According to Wakefield Research’s recently released Internet of Healthcare Report, nearly half of all clinicians believe paperwork will be eliminated from the U.S. healthcare landscape within five years. (Not scaled back or reduced—eliminated.) 58% believe data entry will be fully automated within the same timeframe.
It’s no coincidence that the same report points out that 92% of clinicians think administrative work is a major contributor to healthcare worker burnout.
Why are paper-based processes viewed so negatively by today’s clinicians? That’s a subject I’ll be exploring in my new webinar on February 17: 3 Ways eConsent Helps Overcome Staff Shortages.
Adopting digital processes isn’t just about saving your staff from burnout, however—eConsent also improves patients’ experiences and even makes a measurable impact on a hospital’s profitability. Here’s a quick preview.
eConsent is more efficient for hospital staffers
A hospital nurse I know—who does not work for an Interlace Health client—has worked with both paper-based and digital consent processes, and she’s all-in on digital. She’s used eConsent in every hospital scenario and loves how simple it makes the process.
“Say it’s a simple blood draw,” she says. “You want to be able to walk in, scan the patient’s wristband, click the form that you want on a tablet and have it auto-populate their information so they can just sign it. Boom, it’s archived away.”
During my webinar, I’ll discuss three scenarios—from the simplest to the most complex—and how eConsent makes each more efficient for hospital staffers:
- Inpatient test consent
- Consent to treat
- Surgical consent
In all these scenarios, eConsent streamlines nurses’ workflows, so they spend less time on paperwork and more time helping patients. As my friend explains, “I go into the room with a tablet and I pull up the patient. Right away I see which forms I need to get signed, and I can get that done at the same time I’m doing my typical workflow for visiting the patient.”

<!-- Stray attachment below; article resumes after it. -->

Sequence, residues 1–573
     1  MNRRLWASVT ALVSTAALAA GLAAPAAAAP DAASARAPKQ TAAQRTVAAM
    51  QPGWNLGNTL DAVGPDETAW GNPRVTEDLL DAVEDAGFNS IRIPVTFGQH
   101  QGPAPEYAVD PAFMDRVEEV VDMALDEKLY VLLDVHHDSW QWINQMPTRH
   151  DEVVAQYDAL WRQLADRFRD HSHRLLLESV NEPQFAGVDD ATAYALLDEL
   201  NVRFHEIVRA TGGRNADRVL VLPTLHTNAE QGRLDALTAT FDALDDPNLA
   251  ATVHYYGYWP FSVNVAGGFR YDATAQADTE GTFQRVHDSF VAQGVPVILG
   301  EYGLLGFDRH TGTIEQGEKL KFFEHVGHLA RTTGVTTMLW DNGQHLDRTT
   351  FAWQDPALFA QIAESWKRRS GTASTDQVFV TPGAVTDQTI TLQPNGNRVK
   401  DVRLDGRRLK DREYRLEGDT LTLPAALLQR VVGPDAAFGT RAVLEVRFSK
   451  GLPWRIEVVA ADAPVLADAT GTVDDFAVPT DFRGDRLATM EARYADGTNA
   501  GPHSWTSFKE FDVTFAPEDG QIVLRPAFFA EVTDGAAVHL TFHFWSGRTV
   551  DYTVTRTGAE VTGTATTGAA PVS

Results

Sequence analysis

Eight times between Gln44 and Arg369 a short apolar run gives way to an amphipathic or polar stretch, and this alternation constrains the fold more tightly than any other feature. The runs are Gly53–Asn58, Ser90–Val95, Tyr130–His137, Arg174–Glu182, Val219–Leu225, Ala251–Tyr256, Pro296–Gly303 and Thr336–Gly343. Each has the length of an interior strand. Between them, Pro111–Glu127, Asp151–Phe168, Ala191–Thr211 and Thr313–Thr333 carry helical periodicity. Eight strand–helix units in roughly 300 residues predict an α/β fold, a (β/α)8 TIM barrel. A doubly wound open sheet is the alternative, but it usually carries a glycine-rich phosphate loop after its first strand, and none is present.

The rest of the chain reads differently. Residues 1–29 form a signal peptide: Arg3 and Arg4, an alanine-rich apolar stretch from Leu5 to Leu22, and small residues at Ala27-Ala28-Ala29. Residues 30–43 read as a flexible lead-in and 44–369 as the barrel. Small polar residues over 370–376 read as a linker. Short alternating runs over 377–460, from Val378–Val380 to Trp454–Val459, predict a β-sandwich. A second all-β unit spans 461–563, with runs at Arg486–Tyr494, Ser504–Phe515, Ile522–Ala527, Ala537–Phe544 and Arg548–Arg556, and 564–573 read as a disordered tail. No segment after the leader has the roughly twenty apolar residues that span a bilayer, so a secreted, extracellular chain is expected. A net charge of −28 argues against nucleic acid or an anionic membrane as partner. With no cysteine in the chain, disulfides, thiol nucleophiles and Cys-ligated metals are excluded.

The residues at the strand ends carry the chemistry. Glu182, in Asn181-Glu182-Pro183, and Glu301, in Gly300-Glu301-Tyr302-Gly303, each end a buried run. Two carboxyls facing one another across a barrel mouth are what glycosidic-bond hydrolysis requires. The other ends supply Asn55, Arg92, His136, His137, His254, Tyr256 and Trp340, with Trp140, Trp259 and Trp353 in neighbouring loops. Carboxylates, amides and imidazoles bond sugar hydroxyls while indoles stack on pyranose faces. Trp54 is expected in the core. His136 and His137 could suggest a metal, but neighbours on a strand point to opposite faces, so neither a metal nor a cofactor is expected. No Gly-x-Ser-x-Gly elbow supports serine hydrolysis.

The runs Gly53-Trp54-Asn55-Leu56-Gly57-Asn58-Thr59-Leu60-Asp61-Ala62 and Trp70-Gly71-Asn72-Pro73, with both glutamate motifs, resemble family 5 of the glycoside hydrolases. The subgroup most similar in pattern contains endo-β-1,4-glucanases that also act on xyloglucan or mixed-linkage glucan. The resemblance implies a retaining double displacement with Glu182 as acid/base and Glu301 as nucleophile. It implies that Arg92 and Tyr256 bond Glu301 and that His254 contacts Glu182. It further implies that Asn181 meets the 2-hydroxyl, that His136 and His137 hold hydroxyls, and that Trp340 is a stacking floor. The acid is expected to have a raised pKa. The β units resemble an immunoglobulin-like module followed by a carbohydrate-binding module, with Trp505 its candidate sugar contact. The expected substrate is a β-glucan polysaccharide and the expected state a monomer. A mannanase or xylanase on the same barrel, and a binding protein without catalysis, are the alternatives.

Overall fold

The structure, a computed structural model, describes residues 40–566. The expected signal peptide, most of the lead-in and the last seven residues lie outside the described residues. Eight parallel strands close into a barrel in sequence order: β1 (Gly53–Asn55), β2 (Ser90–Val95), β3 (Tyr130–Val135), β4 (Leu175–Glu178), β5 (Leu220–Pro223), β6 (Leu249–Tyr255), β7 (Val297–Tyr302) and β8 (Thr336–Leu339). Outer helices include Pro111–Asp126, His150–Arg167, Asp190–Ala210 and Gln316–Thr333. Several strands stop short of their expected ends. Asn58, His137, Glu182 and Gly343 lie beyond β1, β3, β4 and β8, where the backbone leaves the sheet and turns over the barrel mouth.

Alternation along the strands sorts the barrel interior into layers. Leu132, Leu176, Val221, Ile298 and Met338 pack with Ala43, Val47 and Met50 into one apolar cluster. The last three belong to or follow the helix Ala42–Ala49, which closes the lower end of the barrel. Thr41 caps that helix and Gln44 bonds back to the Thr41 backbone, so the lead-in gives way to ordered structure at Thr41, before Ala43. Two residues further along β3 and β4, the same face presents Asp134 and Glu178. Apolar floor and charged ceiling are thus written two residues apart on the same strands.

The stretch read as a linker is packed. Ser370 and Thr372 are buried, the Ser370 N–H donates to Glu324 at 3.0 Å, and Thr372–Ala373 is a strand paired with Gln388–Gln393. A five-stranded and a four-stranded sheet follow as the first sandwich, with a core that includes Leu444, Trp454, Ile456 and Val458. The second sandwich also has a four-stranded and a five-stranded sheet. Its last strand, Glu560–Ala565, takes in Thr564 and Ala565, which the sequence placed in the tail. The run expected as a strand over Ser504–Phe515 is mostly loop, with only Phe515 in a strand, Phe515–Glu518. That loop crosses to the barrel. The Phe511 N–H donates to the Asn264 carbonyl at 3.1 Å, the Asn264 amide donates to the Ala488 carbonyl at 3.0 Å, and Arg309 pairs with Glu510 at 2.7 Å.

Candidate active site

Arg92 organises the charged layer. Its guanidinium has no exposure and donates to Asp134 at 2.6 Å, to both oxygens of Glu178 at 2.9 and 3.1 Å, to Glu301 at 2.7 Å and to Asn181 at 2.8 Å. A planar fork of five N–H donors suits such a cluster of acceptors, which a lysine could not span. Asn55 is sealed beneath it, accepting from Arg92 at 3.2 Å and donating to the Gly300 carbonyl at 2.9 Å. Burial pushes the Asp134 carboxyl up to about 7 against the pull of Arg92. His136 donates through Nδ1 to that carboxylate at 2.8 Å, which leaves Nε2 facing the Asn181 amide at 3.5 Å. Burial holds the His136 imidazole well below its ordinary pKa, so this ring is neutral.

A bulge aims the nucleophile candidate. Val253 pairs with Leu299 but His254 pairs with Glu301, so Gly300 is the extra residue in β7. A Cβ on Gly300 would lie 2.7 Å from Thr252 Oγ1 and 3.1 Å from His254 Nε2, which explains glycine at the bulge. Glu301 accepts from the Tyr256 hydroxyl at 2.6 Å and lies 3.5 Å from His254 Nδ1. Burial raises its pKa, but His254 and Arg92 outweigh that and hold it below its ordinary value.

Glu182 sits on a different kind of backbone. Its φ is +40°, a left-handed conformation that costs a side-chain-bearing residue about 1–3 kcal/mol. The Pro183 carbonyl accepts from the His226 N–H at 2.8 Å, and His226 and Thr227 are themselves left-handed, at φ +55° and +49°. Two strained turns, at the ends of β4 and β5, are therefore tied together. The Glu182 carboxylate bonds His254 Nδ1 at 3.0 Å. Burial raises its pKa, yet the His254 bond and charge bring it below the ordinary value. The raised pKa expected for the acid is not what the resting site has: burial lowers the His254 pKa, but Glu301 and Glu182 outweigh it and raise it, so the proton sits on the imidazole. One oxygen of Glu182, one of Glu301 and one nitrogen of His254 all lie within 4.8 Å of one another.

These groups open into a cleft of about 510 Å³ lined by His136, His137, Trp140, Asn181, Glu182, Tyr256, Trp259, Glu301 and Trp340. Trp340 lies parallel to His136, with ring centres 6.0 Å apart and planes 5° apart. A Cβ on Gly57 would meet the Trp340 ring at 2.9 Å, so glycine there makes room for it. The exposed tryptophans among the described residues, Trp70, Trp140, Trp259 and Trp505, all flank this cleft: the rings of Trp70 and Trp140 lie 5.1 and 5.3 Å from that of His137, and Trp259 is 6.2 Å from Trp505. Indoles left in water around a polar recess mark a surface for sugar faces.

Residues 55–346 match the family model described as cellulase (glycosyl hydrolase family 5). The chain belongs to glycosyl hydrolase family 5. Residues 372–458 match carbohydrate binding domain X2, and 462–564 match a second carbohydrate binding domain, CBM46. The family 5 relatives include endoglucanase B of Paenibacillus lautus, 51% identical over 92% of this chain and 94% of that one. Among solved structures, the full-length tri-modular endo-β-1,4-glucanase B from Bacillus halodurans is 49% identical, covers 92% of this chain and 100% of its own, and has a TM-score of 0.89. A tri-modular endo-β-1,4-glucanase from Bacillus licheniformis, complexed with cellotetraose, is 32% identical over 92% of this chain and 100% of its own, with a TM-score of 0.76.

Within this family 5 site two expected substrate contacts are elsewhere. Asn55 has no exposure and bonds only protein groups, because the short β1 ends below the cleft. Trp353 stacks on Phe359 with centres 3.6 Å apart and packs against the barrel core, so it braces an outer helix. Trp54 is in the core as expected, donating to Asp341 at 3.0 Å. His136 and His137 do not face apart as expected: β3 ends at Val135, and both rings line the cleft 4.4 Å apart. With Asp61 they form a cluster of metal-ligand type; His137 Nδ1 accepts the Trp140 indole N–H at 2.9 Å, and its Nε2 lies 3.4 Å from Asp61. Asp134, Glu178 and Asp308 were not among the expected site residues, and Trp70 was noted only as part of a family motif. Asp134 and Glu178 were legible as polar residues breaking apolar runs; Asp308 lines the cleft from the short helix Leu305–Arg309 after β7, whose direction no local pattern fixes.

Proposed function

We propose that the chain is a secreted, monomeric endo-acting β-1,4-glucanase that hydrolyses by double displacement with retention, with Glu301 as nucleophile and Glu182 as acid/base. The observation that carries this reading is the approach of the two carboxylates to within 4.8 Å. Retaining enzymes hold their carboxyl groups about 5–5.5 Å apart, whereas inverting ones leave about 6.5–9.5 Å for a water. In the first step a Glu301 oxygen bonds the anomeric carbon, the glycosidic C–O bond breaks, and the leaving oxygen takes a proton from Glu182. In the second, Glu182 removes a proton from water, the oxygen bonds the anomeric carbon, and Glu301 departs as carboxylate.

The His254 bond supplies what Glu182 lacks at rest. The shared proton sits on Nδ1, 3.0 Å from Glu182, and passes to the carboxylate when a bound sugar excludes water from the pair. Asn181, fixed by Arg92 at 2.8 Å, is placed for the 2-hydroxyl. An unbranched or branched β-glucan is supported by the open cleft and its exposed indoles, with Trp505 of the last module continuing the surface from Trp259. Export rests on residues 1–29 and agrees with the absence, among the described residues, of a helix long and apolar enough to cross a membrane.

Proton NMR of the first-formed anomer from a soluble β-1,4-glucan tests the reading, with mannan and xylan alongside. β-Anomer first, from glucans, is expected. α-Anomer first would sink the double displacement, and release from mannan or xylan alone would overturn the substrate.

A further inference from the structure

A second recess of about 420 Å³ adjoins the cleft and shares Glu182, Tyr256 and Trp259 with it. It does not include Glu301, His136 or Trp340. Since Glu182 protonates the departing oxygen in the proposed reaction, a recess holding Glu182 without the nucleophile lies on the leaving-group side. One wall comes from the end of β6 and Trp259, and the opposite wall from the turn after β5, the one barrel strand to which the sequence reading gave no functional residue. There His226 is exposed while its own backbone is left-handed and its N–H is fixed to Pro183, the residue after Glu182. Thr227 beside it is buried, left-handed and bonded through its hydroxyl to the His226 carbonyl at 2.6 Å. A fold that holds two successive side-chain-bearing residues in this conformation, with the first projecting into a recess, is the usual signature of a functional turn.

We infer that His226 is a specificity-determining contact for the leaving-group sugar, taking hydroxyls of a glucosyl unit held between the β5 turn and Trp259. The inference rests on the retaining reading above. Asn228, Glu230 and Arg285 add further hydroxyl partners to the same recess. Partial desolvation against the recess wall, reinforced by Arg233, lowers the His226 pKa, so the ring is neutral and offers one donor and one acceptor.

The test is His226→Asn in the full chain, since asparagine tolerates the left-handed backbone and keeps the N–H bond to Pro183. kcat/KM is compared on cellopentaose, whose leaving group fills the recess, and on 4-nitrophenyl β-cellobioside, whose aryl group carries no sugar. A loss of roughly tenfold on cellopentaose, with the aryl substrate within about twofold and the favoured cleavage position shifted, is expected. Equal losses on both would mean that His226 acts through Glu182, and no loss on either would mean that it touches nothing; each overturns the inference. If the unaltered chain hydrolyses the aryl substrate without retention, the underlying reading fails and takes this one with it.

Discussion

With nurses fleeing the business, improving their workflows with eConsent is a great way to keep them on board.
Paper consent errors hurt patient experience
If you’ve ever had inpatient surgery, you know it’s an ordeal before you even show up. You’ve taken time off work for the procedure and recovery. You’ve made arrangements for your spouse, the kids, and the dog for as long as it will take you to get back on your feet. You’re nervous—maybe terrified—and you’ve been fasting for at least 12 hours.
Now imagine, just as you’re about to get started, there’s a delay. A form is missing, or they gave you the wrong one to sign, or it’s stuck in the wrong file. Depending on which state you’re in, this delay could be a few minutes, or a few hours, or as long as 14 days.
Maybe you just have to sign some forms again. Or maybe you have to wait two weeks and do everything all over again—just because of an error in paper-based consent.
Unfortunately, that experience is hardly rare. Researchers at Johns Hopkins found that consent forms were missing for 66% of surgical patients, which resulted in one out of ten cases being delayed.
Of course, eConsent can’t guarantee a positive patient experience—but it can eliminate a common cause of negative patient experience.
eConsent keeps procedures on schedule
Delayed procedures aren’t just an annoying patient experience, of course. They’re devastating to a hospital’s bottom line.
A JAMA Surgery study has found that one minute of operating room time costs an average $36 to $37. Multiply that figure by the length and frequency of delays, and then by the total number of procedures your hospital performs each year, and the total cost of surgical delays turns into a significant hit to your bottom line.
I perform ROI analyses such as this all the time. Here’s an example: One hospital, performing an average of 14 surgeries a day, discovered nearly $200,000 in losses over the course of a year. Larger hospitals can experience losses in excess of $2 million.
Add that to the costs of printing, scanning, and shredding paper consent forms—plus your staff’s time to manage all that—and you can see the immediate bottom-line advantage an eConsent process can bring to your organization. It’s the kind of advantage Interlace Health has been helping hospitals realize for more than 30 years.
Want to reduce the stress on your staff? Improve patient experience? Eliminate losses from delayed procedures?
Please join me for 3 Ways eConsent Helps Overcome Staff Shortages on February 17.